SYRIZA and ANEL: Far from picture-perfect
The picture from the first meeting between Alexis Tsipras and Panos Kammenos in January 2015, after SYRIZA’s election victory was a sign of things to come. The pair’s idiosyncratic alliance is coming to an end now, having lasted longer than many observers expected, but its deep flaws were visible from the start.
Stunning as the result of the January 25 elections was four years ago, when his left-wing party surged from the fringes to gain 36.3 percent of the vote – more than Greece’s traditional ruling parties, New Democracy and PASOK, combined - Tsipras was still in need of a coalition partner to govern. He rejected the option of teaming up with centrist To Potami because it was regarded as being too close to the political establishment dominated by PASOK and New Democracy, which SYRIZA deplored.
Instead, Tsipras opted to join forces with Kammenos. His nascent Independent Greeks (ANEL) party was seen as a better option because it would be more likely to support Tsipras as he attempted go toe-to-toe with Greece’s lenders over austerity policies and debt relief. To Potami was a supposed soft touch, while Kammenos had made a career of behaving like a bulldozer, even before leaving New Democracy to found nationalist, anti-bailout ANEL. If this meant turning a blind eye and deaf ear to some of the extreme views and unsavoury behaviour of ANEL and its leader, this was a risk worth taking Tsipras believed.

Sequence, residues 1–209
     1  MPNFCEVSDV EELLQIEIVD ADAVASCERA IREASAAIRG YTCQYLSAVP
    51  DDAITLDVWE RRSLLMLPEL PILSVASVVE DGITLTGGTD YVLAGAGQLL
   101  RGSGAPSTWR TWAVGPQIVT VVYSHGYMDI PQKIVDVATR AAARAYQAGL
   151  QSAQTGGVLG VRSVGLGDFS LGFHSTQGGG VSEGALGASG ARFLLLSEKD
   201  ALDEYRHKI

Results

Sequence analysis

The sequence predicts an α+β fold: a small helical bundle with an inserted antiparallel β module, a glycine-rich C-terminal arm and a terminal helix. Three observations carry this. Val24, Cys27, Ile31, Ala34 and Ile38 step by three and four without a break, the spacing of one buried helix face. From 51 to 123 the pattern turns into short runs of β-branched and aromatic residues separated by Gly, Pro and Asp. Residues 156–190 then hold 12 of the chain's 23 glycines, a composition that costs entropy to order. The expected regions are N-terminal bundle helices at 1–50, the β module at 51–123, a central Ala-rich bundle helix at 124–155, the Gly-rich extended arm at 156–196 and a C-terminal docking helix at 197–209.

The deal was done very quickly. It had probably been wrapped up weeks in advance, not unlike Sunday’s announcement that the alliance between the two parties had come to an end. There was no detailed discussion regarding policies or time-consuming attempts to thrash out a common programme. Tsipras appeared with a small notepad, while Kammenos, if memory serves, carried a manila folder (which did not appear in the shot) that seemed designed to give the impression of thoroughness than serving any practical purpose. In between them, there was a small cup of coffee.
That’s all that was needed for the two men to shake hands and form a government that would leave Greece severely damaged economically and drained emotionally over the ensuing months. Their coalition’s first six months, when misguided negotiations with the troika/institutions, cost the country billions while delivering little in return is a stigma that both men will find hard to shake off. Tsipras has put his errors down to being under misguided illusions and choosing the wrong people to work with. The latter appears a reference to former finance minister Yanis Varoufakis and perhaps radical left figures such as Zoe Konstantopoulou and Panagiotis Lafazanis, who all quit the SYRIZA-ANEL coalition in the summer of 2015. Perhaps, Kammenos will be added to the list in the future.